Written by Staff Writer
01 Feb, 2021 | 10:55 pm
Colombo (News 1st); What was expected for weeks finally happened this evening. India, cracked the whip. In a statement that pretty much said, ‘give us the East Container Terminal, or else..!’, the High Commission released a short, terse statement demanding that the Sri Lankan government stay true to its word and develop the ECT with India and Japan.
The issue of developing the ECT with India and Japan came to a head this morning, with joint Trade Unions carrying out work-to-rule’s and the opposition uniting behind popular public opinion that the valuable ECT should be developed by the Ports Authority alone without any outside investors, especially from India. However, India pointed out to an ‘MOC’ signed in 2019 under the previous regime and a more recent Cabinet approval that the terminal should be developed under a Tripartite Agreement between Sri Lanka, India and Japan.
The Geopolitically sensitive matter blew up this morning when Prime Minister Mahinda Rajapakse announced that the ECT would never be sold. Earlier, his brother the President, had openly supported an investment of up to 49% into the terminal. By Monday afternoon, on the cusp of a crucial Cabinet meeting, India made its position infinitely clear
In turn, the cabinet decided to announce its willingness to invite India and Japan to invest in the development of the West Container Terminal, currently non-existent. India’s response to this is yet to be seen.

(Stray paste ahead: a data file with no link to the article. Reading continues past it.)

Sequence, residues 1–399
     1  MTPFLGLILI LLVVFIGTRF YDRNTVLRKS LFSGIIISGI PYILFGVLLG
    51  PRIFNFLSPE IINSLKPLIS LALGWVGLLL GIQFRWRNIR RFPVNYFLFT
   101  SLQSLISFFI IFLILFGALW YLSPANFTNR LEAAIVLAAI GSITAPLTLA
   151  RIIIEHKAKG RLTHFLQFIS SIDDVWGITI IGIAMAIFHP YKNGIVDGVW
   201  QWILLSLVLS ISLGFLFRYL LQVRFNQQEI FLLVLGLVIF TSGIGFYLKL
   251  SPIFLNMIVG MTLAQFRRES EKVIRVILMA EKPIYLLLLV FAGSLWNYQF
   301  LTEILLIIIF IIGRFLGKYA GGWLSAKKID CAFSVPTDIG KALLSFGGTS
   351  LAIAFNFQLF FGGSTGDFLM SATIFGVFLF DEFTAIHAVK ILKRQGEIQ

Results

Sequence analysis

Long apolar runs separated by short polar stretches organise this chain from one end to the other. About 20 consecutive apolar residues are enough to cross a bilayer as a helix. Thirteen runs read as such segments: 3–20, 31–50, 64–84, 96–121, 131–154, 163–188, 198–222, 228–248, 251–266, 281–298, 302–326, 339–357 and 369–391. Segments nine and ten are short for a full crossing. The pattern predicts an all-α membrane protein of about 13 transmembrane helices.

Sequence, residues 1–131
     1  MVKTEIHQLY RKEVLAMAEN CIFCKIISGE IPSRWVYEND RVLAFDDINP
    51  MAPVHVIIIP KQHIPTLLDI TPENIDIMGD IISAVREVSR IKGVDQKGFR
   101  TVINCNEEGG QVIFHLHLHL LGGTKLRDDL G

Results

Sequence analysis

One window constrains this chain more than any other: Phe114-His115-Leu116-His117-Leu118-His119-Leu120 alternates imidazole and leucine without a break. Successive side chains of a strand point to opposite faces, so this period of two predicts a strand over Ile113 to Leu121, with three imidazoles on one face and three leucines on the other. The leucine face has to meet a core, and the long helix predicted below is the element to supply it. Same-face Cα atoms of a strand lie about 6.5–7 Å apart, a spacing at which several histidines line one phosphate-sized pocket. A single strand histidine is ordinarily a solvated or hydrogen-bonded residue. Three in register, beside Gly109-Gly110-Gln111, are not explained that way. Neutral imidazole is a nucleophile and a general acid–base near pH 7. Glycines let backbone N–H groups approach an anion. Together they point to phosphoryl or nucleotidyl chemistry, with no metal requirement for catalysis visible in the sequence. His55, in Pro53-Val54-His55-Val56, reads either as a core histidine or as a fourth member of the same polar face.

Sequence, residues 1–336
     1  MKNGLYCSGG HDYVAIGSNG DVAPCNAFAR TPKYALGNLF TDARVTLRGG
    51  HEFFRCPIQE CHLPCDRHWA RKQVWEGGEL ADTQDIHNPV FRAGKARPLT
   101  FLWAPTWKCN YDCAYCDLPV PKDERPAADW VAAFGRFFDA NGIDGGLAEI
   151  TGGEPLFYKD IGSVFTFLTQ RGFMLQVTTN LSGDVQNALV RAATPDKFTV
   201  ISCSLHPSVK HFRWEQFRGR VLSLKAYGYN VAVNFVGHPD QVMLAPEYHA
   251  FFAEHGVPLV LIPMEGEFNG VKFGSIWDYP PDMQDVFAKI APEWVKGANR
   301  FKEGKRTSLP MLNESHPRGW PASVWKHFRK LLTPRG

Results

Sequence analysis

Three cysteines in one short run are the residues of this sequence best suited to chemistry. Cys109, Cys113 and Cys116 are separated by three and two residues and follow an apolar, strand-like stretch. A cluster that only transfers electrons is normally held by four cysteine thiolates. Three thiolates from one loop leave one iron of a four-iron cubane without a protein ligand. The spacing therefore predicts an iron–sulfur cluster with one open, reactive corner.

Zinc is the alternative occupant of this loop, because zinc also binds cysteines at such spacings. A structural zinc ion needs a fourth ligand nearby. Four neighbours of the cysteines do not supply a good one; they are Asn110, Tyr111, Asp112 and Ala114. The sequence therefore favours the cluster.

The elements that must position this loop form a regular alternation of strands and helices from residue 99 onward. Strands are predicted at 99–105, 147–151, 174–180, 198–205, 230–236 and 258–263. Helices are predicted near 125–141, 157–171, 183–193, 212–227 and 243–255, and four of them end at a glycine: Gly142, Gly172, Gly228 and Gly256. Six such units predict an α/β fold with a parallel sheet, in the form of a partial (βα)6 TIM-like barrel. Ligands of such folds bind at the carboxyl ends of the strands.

At the centre of this maelstrom is the ‘Adani Group’, the Indian governments blue-eyed conglomerate, potentially the investor in a terminal. The Sri Lankan government has admitted that it conducted discussions with Adani concerning the ECT, but the negotiations fell through. Adani is currently in the main target of massive, continuing farmer protests in India, angered by the companies allegedly marauding business motives.
The East Container Terminal has a terminal area of 76 hectares, is 18 m deep and has an annual capacity of 2.4 Million TEU’s. The West Container Terminal consists of a 1,400m quay wall, berthing at a depth of 20m, and an annual capacity of 2.6 Million TEU’s. The latest government proposal is to develop both terminals simultaneously.
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